HECTOR: Ep2 – Senseless Acts of Justice
Ballbags! Detective Inspector Hector, the hard-bitten, rough-edged lawman from Clappers Wreake is back for more in Badge of Carnage Episode Two: Senseless Acts of Justice, turning his foul mouth, surly disposition and wanton indifference to the sanctity of human life to the task of figuring out who’s terrorizing his wretched, beloved city and putting a stop to it once and for all. It’s a crude, lewd and outrageously offensive point-and-click cartoon cop story and for those with a taste for it, it’s an absolute pot of comedy gold.
Pop quiz, hotshot: do you know what a merkin is? Feel free to look it up if you don’t, and then take a moment to consider the inherent comedy value of such a thing. Don’t see it? Then you should probably just stop right here and go play something else. But if you think the potential for laughs is obvious, then you need to make a trip to Clappers Wreake, the sleaze-ridden stomping grounds of Detective Inspector Hector.
If you’ve played the first Badge of Carnage episode, <a href=”//www.gamezebo.com/games/hector-badge-carnage-ep1″>We Negotiate With Terrorists</a>, you’ll know exactly what awaits. For those who haven’t, it’s a very straightforward point-and-click adventure game that follows the exploits of Hector, his hapless partner Lambert and their pursuit of a criminal mastermind who killed 37 successive police negotiators and held the city hostage in part one. The game’s comic-book-style visuals are simple but ideal for the cartoonish subject matter and the voice acting is generally excellent, although Hector’s accent seems to get a little out of joint now and then. The music is likewise very good, setting the mood while remaining subtle and understated, and the interface is simple but effective and a real pleasure to use, requiring just a single click of the mouse to examine an object, a double-click to interact with it or a single click on two separate objects to combine them.
As far as adventure games go, Senseless Acts of Justice is pretty easy stuff. Items are collected and then used in fairly obvious fashions and there are some fun puzzles to be solved, but it’s generally quite simple and the game really does its best to keep things moving ahead. If you do get stumped, Lambert can give you a gentle nudge in the right direction and if that’s not enough a full-blown hint system will provide more precise clues and even spell things out for you, although not without ridiculing you for it first. It’s very conventional, meat-and-potatoes adventuring with a relatively low level of difficulty, which in some ways is a plus because it doesn’t get in the way of the story or humor. But in pure gameplay terms, it’s entirely unremarkable.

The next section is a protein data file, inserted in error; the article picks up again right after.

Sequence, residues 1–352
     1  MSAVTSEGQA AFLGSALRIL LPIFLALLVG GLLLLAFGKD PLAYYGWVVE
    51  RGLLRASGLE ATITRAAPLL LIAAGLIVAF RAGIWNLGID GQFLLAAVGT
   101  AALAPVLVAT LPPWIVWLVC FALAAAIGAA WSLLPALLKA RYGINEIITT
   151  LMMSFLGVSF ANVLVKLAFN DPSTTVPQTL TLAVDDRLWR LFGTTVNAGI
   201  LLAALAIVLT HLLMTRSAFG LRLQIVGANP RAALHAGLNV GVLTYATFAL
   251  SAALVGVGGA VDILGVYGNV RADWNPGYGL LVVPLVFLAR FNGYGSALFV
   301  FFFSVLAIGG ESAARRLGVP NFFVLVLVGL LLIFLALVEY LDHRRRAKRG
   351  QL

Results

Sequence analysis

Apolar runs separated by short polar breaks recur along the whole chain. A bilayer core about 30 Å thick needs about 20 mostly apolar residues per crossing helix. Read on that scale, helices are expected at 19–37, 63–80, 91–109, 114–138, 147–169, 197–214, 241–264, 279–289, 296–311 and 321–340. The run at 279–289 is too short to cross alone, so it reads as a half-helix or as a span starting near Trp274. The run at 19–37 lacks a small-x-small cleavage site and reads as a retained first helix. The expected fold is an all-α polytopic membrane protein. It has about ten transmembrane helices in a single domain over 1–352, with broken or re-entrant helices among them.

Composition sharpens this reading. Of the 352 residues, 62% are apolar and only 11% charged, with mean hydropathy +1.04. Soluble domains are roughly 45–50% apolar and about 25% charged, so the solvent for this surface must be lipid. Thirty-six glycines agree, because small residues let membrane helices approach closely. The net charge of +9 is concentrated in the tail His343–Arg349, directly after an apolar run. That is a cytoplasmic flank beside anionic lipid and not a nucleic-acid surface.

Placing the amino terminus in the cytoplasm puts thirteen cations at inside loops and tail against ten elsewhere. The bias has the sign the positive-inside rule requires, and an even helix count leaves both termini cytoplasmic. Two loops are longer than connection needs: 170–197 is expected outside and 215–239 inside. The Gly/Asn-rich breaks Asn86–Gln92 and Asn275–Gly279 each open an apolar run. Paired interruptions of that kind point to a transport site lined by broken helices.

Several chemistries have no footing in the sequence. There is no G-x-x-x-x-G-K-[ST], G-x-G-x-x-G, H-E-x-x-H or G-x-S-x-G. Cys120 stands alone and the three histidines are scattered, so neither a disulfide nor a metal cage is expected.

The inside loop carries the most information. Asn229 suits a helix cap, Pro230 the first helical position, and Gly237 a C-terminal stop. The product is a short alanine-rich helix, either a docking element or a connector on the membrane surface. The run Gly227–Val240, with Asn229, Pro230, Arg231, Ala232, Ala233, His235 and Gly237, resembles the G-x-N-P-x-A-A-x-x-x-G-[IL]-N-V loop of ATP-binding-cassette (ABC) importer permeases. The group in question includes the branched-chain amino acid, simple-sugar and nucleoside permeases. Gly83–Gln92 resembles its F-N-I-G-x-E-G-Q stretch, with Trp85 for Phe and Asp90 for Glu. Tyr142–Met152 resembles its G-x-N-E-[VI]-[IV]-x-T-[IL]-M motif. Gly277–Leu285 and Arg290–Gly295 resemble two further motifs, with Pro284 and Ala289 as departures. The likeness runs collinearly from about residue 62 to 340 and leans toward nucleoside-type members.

Yet the game as a whole is anything but unremarkable. Hector is the most cynical, world-weary cop in the city, and possibly on the planet. He’s surrounded by a bizarre cast of characters who in his eyes have been put on this planet for no other reason than to irritate him, and it’s made him the ultimate “ends justify the means” kind of guy. At one point he expresses regret over some of the things he’s done in pursuit of his quarry, not because they were monstrously wrong – and they were – but because it all turned out to be kind of a waste of time. I don’t want to put out any spoilers but at one point during Senseless Acts of Justice, Hector burns down a church – and that’s not the worst thing he does over the course of the game.
Senseless Acts of Justice is longer than its predecessor and feels a little slower out of the gate. There’s a segment early on in which you’ll have to play as both Hector and Lambert, switching between the two several times, but without the clever dialog or earthy cursing it tends to drag a bit. But by the midway point, when the various plot lines start to come together and Hector has built up a full head of steam, the hilarity blasts off way above and beyond that of the original. You’ll know you’ve hit the good stuff when Hector lets loose with what may be the most incredibly vile and long-winded invective ever heard in a video game, and a routine involving a phone call to Beef On Demand is brilliantly written, with a denouement that just about killed me. I chuckled several times at the first episode; this one had me laughing so hard I was crying.
Of course, comedy is entirely subjective and what had me rolling on the floor might (okay, probably will) leave others deeply offended. To be clear, there’s no actual swearing or sexual content anywhere in the game, and the violence is pure Elmer Fudd. I would have no hesitation letting a 12-year-old play it, largely because that’s about the level of sophistication of the game’s humor. It’s juvenile, rude, silly, and it also happens to be the funniest video game I’ve played in years. It’s not for prudes or serious adventurers looking for a brain-busting challenge, but if you’re the kind of person who can’t say no whenever someone says “pull my finger,” then Hector: Badge of Carnage Episode Two: Senseless Acts of Justice is definitely the game for you.